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Similar Squad

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Like looking into a mirror.

Hamilton: We're Hamilton's Hamster Helpers! We help those in trouble!
Monterey Jack: How original!

The cast runs into another group that is functionally identical to them. The same number of people, the same roles represented, maybe even the same tastes in clothes or food but expect a Palette Swap. Usually creeps out the original group a lot, although a common humor variant is that no one notices the similarities. Or only notices the similarities to everyone else's parallel but not their own. If the characters find their counterparts' habits annoying, without noticing any similarities, this can lead to Hypocritical Humor. Sometimes it is Self-Parody.

There are examples of a couple meeting another couple who are a timeshifted version of themselves. If younger, they reminisce about the start of their courtship, sometimes fighting about "what happened to us?" If older, they'll fight about how to avoid an unpleasant fate.

Compare The Psycho Rangers, where the other squad are the evil versions. Those baddies are often recruited or created specifically to oppose our heroes, the standard Similar Squad just happens to resemble the main cast. Often related or contributes to Geodesic Cast if the new group sticks around.

See also Expy Coexistence.


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    Anime & Manga 
  • Pokémon: The Series
    • Near the end of the first season of Pokémon: The Original Series, Ash befriends a rival Trainer named Ritchie, who is pretty much identical to Ash (he looks like a mixture between Ash and 'Red', the trainer from the original game). Ritchie's Pokemon team are a Similar Squad to Ash's - he even uses a Pikachu (nicknamed "Sparky") as his main Mon. Jessie even calls them the "twerp twins".
    • In the first few episodes of Pokémon the Series: Diamond and Pearl, Paul (Ash's main rival), had a similar team lineup. His main Pokemon is an electric-type (Elekid), a primate (Chimchar, to contrast Ash's Aipom) and a flying-type (he had three Starly to Ash's one, but he eventually released all of them). This is lampshaded in the series' first opening with the two groups facing off in a Mirrored Confrontation Shot.
  • The foursome cast of Saiyuki meet spoof groups of themselves. Usually these are impostors trying to cash in on their fame. In one instance the impostors get back together for a Day in the Limelight to exact revenge by making Sanzo's party look bad. In the end, they are discovered and are beaten up; by Sanzo's group, angry villagers, and Kougaiji's group, who just happened to be passing through.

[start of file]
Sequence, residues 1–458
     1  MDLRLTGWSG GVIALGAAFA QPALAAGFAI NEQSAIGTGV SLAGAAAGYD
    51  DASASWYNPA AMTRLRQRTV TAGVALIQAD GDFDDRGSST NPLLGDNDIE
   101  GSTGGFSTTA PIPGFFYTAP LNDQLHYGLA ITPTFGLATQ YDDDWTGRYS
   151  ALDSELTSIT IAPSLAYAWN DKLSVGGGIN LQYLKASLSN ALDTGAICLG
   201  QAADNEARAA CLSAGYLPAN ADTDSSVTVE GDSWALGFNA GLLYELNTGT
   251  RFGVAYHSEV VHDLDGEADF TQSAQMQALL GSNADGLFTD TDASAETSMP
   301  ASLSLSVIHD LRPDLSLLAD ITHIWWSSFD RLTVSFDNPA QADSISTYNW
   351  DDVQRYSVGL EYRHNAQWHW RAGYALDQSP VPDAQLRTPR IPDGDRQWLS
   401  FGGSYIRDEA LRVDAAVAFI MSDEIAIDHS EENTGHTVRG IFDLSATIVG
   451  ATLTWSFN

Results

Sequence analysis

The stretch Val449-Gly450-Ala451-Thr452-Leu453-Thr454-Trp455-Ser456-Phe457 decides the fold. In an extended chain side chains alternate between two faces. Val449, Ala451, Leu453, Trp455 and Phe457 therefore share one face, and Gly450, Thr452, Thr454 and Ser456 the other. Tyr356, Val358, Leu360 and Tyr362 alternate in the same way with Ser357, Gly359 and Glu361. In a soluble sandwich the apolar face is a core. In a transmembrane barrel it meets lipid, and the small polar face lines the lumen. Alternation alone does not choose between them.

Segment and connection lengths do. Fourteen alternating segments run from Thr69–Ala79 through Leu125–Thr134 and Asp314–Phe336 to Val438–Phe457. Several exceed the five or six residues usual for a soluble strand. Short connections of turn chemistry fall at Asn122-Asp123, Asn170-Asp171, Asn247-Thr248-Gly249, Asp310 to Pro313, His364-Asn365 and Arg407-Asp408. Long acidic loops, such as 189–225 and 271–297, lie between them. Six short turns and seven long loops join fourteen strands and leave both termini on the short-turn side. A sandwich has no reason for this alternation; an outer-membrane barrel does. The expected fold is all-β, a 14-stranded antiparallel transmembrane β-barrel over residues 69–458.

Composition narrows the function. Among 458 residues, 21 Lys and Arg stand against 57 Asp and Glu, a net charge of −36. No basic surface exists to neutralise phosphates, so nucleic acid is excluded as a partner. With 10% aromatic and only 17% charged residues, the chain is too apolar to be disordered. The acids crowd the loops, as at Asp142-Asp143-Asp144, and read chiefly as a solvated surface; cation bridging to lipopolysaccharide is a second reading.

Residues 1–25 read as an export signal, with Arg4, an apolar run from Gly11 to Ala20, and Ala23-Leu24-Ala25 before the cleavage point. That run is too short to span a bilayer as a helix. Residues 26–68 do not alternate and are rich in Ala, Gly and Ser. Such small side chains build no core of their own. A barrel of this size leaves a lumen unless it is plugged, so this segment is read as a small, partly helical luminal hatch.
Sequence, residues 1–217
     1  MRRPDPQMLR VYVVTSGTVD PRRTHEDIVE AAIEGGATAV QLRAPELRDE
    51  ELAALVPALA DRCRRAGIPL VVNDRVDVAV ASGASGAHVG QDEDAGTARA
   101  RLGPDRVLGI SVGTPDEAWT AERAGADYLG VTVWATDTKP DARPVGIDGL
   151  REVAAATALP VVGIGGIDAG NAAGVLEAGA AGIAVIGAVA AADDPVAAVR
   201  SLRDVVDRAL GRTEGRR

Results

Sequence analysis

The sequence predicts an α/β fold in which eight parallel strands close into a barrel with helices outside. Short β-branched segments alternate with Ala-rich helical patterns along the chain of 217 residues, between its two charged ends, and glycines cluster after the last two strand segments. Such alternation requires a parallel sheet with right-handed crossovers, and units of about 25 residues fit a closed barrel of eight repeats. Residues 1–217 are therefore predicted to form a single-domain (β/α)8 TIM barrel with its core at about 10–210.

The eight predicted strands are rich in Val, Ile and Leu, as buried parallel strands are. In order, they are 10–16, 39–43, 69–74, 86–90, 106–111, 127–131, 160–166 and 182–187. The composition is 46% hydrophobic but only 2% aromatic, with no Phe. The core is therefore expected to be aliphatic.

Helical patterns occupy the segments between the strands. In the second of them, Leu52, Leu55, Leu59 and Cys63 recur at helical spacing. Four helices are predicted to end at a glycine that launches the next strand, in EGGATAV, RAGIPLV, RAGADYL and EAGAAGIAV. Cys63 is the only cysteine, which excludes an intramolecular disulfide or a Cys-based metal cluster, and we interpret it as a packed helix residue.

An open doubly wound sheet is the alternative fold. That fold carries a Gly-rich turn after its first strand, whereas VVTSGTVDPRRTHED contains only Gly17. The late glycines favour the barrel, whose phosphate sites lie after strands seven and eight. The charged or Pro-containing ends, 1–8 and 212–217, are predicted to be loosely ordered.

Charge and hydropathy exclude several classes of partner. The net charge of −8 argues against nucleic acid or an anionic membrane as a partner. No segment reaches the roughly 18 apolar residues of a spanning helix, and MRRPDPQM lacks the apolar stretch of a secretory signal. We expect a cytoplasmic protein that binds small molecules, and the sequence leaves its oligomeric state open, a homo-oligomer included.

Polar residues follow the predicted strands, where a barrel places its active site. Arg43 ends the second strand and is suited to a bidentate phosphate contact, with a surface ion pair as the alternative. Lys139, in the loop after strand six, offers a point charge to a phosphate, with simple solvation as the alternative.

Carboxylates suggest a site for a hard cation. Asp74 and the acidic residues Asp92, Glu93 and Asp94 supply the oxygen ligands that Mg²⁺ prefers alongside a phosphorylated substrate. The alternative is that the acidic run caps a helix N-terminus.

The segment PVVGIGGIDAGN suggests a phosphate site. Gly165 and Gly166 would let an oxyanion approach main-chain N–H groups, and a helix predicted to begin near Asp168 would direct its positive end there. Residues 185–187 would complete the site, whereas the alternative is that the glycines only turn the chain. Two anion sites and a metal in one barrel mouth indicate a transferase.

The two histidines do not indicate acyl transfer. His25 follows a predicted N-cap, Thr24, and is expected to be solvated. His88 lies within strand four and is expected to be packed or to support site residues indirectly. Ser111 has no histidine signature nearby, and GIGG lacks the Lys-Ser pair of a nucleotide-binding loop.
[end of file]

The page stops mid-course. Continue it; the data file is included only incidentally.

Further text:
• In the latter half of Jazz, Narusawa starts working at a hospital with two doctors who mirror his and Naoki's relationship, but who seem to have dealt with their issues better.
  • The third Case Closed video, Conan is on a visit to Osaka and runs into a group of three children similar in appearance and name to the Detective Boys.
  • When Mikado Durarara!! is walking alone and is lost in thought, he passes a trio of characters who resemble him and his friends Masaomi and Anri.
  • CLAT is this to the Special Vehicles 2nd Division of Patlabor. Based in New York instead of Tokyo, they are essentially the same characters, but all blonde (barring some exceptions like the resident Gentle Giant being a native american) and headquartered in a fancy hi-tech underwater secret base instead of the original's dinghy place in the middle of nowhere. It was All Just a Dream, however.
  • Sgt. Frog: When digging for a spa, Keroro finds a superweapon left by a team of invaders not unlike his own. The dub takes this further, making them lizardmen from the planet Lizardono come to invade the planet they know as Ponopek but saddled with an incompetant leader who spends all his time building models. They even have similar insignias. The first movie reveals that the ancient invaders who used those statues were actually Keronians, and they also left other weapons on Earth...
  • Getter Robo Āḥ: After travelling to the Dinosaur Empire to assist them against the Andromeda Stellaration, the main trio has a run in with an as yet unmentioned counterpart to their group comprised entirely of Saurians and piloting a reptile themed mech called the Gettersaurus. They later form something of a Geodesic Cast with the main group and travel through time with them to stop the invasion of Earth.